Netflix series “You” sparks dark fantasy in viewers

This crime-romance drama, though superb in thrill with its intricate plot line, is incredibly twisted.

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Netflix series “You” sparks dark fantasy in viewers

Screenshot by Kacey Connolly

Screenshot by Kacey Connolly

Screenshot by Kacey Connolly

Screenshot by Kacey Connolly

Kacey Connolly, Writer

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What is it about an unruly male persona that tempts the female mind so strongly? Why is there such an allure to those who deviate from the norm with sinister intentions?

It isn’t an uncommon occurrence for women to find themselves attracted to a “bad boy” here and there. From the stereotypical relationship between a good girl and a scruffy, baggy-pants-wearing high school trouble maker, to the hundreds of women who sent love letters to notorious serial killer Ted Bundy, it’s clear that some of us have quite a thing for a rebel.

However, I sometimes wonder if the media has gone too far romanticizing these men. It’s not like Tim Riggins from “Friday Night Lights” was a particularly good guy, and I’m pretty sure Damon Salvatore from “The Vampire Diaries” murdered hundreds of innocent people. Yet for some reason, young girls adore these men—including myself.

In the past few years, Netflix has skyrocketed their business through multiple originally-produced series, the newest of them being the intriguing and edgy romance-crime drama “You,” (originally a Lifetime drama).

With Penn Badgley (formerly good guy Dan Humphries in the popular show “Gossip Girl”) as main character Joe Goldberg and Elizabeth Lail as Guinevere Beck,  often referred to as just “Beck,” the show creates a story line between two introverted intellectuals who share a common interest in literature.

On the surface, the plot of “You” seems like a straight shot for a romantic show about two lovers who obviously see past the materialism in life, connecting on “deeper levels” as they sip espresso in artsy coffee shops and write in leather-bound notebooks. This series could have been all of these things, but instead, creators Greg Berlanti and Sera Gamble made the seemingly sweet and innocent Joe Goldberg into a manipulative stalking serial killer.

What struck me most about this series wasn’t the creepiness of Goldberg or the shocking fear that there could possibly be men exactly like him out there, but the feedback from the many girls who tuned in.

Thousands of tweets from various girls swept through Twitter days after the series aired, all rich with not only praise but pure attraction for Joe Goldberg. Of course danger has its appeal, but this guy goes well beyond average creepiness. He embodies the most evil characteristics of stalkers, psychos and murderers.

In a Reddit chat room, I came across a conversation that began with the question, “How do you guys feel about Joe as a character?” Now, I’m not saying there weren’t any rational people who agreed that the guy is absolute bad news. Many girls sided with that notion. However, more responses were the polar opposite.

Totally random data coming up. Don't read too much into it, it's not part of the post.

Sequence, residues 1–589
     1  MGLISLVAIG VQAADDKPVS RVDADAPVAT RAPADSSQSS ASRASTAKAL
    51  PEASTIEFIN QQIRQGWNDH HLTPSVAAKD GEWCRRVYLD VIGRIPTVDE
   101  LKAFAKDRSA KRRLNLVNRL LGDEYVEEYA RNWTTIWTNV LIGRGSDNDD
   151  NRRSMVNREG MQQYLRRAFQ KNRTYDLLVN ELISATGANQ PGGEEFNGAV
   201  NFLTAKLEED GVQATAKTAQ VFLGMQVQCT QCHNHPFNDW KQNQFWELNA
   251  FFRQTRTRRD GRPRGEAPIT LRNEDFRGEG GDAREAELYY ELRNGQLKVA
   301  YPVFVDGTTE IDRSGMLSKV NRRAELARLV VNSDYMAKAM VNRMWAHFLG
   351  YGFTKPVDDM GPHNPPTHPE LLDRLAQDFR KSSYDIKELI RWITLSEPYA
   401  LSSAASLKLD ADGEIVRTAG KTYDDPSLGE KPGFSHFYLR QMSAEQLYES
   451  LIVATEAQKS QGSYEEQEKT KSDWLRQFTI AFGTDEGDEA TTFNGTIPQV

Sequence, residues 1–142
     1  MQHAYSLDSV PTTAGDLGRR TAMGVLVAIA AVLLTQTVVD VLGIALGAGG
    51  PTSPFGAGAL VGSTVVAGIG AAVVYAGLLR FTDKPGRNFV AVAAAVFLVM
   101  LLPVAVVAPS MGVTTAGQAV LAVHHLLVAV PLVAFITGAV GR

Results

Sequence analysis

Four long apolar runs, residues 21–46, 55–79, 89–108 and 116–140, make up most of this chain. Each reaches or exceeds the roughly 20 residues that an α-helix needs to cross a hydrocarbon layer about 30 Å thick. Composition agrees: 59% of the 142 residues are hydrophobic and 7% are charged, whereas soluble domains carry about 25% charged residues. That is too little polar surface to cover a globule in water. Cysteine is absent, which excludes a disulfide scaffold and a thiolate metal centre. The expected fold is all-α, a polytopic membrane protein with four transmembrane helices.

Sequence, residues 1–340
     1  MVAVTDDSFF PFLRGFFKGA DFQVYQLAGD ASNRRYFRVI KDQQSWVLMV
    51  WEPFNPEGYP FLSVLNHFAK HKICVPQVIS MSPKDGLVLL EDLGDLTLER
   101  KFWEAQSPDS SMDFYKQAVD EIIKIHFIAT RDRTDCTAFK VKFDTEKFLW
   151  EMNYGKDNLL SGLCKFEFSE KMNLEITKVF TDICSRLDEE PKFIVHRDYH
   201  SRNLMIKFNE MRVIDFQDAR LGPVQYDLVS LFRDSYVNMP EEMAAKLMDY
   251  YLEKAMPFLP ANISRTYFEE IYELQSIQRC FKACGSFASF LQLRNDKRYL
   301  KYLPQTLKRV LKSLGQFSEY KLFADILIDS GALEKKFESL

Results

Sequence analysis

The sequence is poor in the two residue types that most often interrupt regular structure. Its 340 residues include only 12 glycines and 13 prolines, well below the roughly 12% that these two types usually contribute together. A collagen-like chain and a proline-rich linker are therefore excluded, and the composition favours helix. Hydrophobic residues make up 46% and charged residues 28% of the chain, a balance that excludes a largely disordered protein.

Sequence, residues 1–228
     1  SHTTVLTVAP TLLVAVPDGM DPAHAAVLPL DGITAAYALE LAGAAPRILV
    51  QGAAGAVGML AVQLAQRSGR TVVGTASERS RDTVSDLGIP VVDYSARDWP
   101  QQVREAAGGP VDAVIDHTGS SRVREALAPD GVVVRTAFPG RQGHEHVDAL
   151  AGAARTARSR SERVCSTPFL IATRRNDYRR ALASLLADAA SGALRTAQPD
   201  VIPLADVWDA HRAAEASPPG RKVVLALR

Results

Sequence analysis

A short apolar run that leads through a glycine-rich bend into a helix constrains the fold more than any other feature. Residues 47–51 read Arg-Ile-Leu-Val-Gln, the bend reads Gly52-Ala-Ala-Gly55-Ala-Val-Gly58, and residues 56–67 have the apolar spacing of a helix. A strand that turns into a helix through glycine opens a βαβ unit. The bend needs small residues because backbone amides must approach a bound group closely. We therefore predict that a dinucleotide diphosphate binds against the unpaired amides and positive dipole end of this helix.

One Reddit replied, “I found him to be a realistic and somewhat likable character. I’ve met some dudes who are pretty much exactly like Joe.” I’m not entirely sure which parts of murder and manipulation are likable, or what men this person has come across in life, but others seemed to relate.

Another reply said, “I like Joe! Everyone is saying he’s a bad and selfish person because he didn’t kill for Beck but for himself. But remember the day he finally let go of Beck? Is it selfishness?” This sends a great message to ladies all over: if you’re significant other is killing people, but claims it’s “all for you,” there’s no reason to be upset! He’s really just a good guy at heart!

Badgley himself has even spoken out against the many remarks about his character via Twitter replies to fans. In a comedic video on Instagram, the actor also recorded himself waking up emotional due to his achievement of one million followers, but ended it reprimanding his audience by saying, “all it took was for me to start murdering people.”

The point is, nobody should be attracted to Joe besides Beck—everyone else blind to his psychotic side. Beck has the excuse that every fan of the show doesn’t get: she is unaware of his side job as a stalker and killer. Every sweet, romantic gesture Joe makes for Beck turns out to be fake. Beck never chose to love him—he manipulated the idea into her life.

It’s obvious that the grandeur of a bad boy sparks almost every female’s darkest interests. But the difference between Joe Goldberg and men like Tim Riggins and Damon Salvatore are that the others changed for the better because of who they loved. Riggins wasn’t a player after he met Lyla Garrity and Salvatore became a good man because of Elena Gilbert. Beck never changes Joe for the better—she actually just provokes his insanity.

Email Kacey at [email protected] or follow her on Twitter @kaceyconnolly1.

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